This is How To Reduce Taxes for S Corporation Owners

October 1st, 2014 at 12:29 PM

If you are operating as an S Corporation, your salary is a key element to an excellent tax reduction strategy.

The lower your salary, the more you save in payroll taxes.

However, if you set your salary too low, the IRS may, upon audit, step in and re-characterize as higher; that would result in additional taxes, penalties, and interest charges—ouch!

Therefore, you need to adhere to the IRS guidelines for setting a reasonable salary. Unfortunately, these guidelines are not included in the IRS Code or its Regulations. Fortunately, three recent cases now provide the guidelines necessary to maximize this legal tax savings technique. In this article, I will explore these three cases. First, I want to illustrate how to save taxes in this area,

Reducing Payroll Taxes

Consider this example to see how lowering your salary reduces payroll taxes. Let’s say you operate as a sole proprietorship and earn $100,000 of business income. This results in $14,130 in self-employment taxes. If you form an S Corporation and set your salary at $50,000, you and the corporation only pay a total of $7.650 in self-employment taxes; a substantial savings of $6,480! The remaining $50,000 of business income is paid to you as a distribution of profits, or dividend. Now to the cases to gain a further understanding of how to pay yourself a reasonable salary in the eyes of the IRS.

Watson Case

Mr. Watson was an accountant who operated as a S Corporation. His S corporation was a 25% partner in an accounting firm. In each of the years under audit, Watson paid his firm $200,000, but only took a salary of $24,000. The IRS’s valuation expert looked at the statistics for what accountant’s earn in that area of the country, and calculated a reasonable salary to be $91,044. The tax court agreed with the IRS’s assessment.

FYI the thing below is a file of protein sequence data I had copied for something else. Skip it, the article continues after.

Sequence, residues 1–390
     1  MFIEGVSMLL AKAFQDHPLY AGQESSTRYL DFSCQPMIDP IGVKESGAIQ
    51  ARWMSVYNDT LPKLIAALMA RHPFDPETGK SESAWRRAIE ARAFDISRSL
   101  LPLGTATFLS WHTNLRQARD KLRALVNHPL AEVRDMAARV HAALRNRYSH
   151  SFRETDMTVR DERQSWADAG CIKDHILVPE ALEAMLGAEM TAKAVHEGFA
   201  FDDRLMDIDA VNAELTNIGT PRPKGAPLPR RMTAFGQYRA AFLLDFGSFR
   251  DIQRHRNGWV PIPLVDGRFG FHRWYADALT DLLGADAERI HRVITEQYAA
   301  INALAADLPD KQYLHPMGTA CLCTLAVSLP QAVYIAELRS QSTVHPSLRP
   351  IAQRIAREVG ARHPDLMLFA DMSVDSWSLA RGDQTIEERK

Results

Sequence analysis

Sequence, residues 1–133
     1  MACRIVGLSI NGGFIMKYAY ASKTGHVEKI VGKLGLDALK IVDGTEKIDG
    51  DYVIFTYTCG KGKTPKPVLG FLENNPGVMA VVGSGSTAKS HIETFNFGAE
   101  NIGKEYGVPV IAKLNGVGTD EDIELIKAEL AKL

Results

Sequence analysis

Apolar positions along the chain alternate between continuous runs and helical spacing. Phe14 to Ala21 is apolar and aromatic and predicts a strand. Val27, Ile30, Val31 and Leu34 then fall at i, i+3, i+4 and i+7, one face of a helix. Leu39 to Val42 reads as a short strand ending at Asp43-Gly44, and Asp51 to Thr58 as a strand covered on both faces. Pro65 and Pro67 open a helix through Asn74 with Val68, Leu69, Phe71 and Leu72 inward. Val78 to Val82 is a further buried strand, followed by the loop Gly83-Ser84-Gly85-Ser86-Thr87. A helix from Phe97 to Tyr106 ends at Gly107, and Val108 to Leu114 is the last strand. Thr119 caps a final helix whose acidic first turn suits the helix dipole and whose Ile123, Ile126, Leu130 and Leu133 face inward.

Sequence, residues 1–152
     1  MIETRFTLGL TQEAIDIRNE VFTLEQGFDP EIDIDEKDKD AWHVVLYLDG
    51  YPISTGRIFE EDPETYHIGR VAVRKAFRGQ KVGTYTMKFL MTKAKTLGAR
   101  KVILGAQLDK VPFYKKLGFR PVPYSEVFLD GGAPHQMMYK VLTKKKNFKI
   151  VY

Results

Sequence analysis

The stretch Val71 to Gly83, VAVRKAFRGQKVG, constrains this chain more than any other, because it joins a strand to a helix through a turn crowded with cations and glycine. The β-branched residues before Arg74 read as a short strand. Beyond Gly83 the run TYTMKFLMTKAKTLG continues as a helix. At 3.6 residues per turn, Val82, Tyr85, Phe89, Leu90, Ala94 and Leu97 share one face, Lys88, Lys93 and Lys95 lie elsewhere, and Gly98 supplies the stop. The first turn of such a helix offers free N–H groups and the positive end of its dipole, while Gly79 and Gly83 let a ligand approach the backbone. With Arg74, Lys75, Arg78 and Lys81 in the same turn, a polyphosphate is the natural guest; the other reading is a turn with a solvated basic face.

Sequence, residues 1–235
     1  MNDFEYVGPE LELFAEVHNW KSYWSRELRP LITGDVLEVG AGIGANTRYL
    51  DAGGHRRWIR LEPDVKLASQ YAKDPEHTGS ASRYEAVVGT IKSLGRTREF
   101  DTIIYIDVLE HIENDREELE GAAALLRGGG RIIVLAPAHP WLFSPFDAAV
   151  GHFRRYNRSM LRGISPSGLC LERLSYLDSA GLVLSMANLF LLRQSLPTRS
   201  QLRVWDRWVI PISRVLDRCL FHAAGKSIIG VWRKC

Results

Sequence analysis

Therefore, Mr. Watson still had the majority of his income as distributions, free of the self-employment tax; but, still failed to report a reasonable salary in the eyes of the IRS.

McAlary Case-No Salary

Mr. McAlary was a real estate professional. He did well, and in 2006 took a $240,000 distribution from his corporation. He did not take any salary. The IRS’s valuation expert determined that a reasonable salary for Mr. McAlary should be $100,755. Unlike the Watson case, the court did not accept the IRS’s evaluation stating that a reasonable salary is “far from an exact science”. The tax court adjusted the IRS’s finding downward to $40 an hour, based upon other factors contributing to Mr. McAlary’s success beyond his own efforts–the favorable housing market.

Therefore, based upon the $40 hour rate, the court set McAlary’s salary at $83,200, resulting in $156,800 in distributions for the year.

The Blodgett Case

Frederick Blodgett created glass blocks for windows, skylights, and other real estate uses. In 2006, the construction industry in Southern California took a nosedive, and his business as well. In 2007 and 2008, he loaned the business $55,000. His S corporation had net business income of $877 and $8,950, respectively.

Blodgett took no salary during that time, but withdrew $30,000 each year as classified as distributions and repayment of loans. The court disagreed with the loan classification, and characterized 100% of the payments to Blodgett as distributions. The court then stated that a reasonable salary for Mr. Blodgett was $30,000, creating a net loss in his corporation for those 2 years.


When considering a reasonable salary, your first step id to find reliable statistics regarding the wages for you job in your area of the country. Once you have this wage comparison, then make reasonable adjustments based on the difference between your business and the average business. Here are some examples to illustrate:

Always document this data in your corporate minutes to prove your analysis.

Lastly, if you do not take a salary from your business, do not take any distributions.





Are you overpaying your taxes?
Let's Talk